Network Resources

Advantages and Disadvantages of different topologies

LAN

LAN

A local area network (LAN) consists of two or more computers connected together in a building or home using software and hardware. This is contrasted to a wide area network (WAN) such as the Internet, which covers a large geographic area. In a LAN, there is a main computer or server, and remote computers called clients. By creating this type of network in the home or office, computers on it can share files, resources, and if desired, an Internet connection.

A LAN can be one of two types: wired or wireless. A wired LAN requires Ethernet cable to physically connect all computers on the network to a main device called a switch. The wireless type uses radio waves to communicate, eliminating the need for wires. Therefore, the hardware used in the network should all be of either the wireless or wired type.


Use of LAN
Followings are the major areas where LAN is normally used
•File transfers and Access
•Word and text processing
•Electronic message handling
•Remote database access
•Personal computing
•Digital voice transmission and storage

WAN

A Wide Area Network (WAN) is a network that spans a large geographical area, the most common example being the Internet. This is contrasted to smaller local area networks (LANs)and metropolitan area networks (MANs). LANs are home or office networks, while a MAN might encompass a campus or service residents of a city, such as in a citywide wireless or WiFi network.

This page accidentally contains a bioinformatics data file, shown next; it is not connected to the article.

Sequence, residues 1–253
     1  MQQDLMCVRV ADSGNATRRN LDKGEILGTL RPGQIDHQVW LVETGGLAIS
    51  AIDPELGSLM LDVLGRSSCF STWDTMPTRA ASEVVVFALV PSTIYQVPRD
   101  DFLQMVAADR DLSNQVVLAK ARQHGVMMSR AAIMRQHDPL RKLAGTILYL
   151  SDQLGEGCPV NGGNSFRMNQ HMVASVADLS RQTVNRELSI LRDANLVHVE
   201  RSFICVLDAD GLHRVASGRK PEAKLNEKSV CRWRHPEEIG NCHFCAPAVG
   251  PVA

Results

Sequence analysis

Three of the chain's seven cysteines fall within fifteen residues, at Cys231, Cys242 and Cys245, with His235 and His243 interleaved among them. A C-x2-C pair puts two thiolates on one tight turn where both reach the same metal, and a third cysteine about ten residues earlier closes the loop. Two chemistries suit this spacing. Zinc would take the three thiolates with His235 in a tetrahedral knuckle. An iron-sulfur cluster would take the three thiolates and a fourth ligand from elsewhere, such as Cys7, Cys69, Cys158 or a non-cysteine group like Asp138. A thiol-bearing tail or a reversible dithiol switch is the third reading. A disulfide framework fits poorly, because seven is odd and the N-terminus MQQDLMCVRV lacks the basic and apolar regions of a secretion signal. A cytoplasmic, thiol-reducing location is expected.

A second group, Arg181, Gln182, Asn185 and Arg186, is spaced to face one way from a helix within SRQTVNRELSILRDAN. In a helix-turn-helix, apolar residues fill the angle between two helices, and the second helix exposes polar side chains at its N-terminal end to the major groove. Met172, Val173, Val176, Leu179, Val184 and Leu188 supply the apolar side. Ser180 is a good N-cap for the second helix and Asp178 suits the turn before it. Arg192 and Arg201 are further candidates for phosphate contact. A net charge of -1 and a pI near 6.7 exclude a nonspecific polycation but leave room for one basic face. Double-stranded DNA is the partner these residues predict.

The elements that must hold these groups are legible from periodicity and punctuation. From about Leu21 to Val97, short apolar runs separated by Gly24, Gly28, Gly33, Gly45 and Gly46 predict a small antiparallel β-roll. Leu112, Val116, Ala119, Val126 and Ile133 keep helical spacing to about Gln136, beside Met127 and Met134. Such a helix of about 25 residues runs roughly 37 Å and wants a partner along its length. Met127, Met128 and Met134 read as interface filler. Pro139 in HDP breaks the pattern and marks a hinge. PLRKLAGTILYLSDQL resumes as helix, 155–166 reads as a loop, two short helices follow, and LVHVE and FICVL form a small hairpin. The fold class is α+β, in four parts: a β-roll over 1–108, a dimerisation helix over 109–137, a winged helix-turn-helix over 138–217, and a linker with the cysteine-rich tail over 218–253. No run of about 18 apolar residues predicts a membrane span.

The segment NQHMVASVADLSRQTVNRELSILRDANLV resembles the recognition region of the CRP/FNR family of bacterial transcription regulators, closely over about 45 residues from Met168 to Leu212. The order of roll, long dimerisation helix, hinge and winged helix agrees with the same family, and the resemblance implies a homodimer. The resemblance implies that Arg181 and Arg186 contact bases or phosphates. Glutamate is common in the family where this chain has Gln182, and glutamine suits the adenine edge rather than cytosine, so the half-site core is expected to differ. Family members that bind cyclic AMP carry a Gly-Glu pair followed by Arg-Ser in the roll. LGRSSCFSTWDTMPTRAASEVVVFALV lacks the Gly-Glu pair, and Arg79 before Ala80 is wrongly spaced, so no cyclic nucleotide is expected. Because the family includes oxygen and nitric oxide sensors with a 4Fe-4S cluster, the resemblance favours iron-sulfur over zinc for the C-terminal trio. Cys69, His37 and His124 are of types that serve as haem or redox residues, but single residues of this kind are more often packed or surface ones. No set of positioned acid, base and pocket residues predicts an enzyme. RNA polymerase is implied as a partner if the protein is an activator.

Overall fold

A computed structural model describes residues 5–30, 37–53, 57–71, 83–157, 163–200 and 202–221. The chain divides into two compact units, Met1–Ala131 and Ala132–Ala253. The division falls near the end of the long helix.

The Internet is a public WAN, but there are many ways to create a business model or private version. A private network is essentially two or more LANs connected to each other. For example, a company with offices in Los Angeles, Texas and New York might have a LAN setup at each office. Through leased telephone lines, all three LANs can communicate with each other, forming a WAN.

Routers are used to direct communications between LANs communicating on a WAN. The router, installed on the leased line, reads the "envelopes" or headers on each packet of data that passes through the WAN, sending it to the proper LAN. When the packet arrives at the LAN, a device called a switch sends the data packet on to the correct machine. Hence, the WAN acts like an interface between LANs for long-distance communication. One that runs on a leased line is private, as there is no public traffic on the line.

TOPOLOGIES

Bus

A bus network uses a multi-drop transmission medium, all node on the network share a common bus and thus share communication. This allows only one device to transmit at a time. A distributed access protocol determines which station is to transmit. Data frames contain source and destination addresses, where each station monitors the bus and copies frames addressed to itself.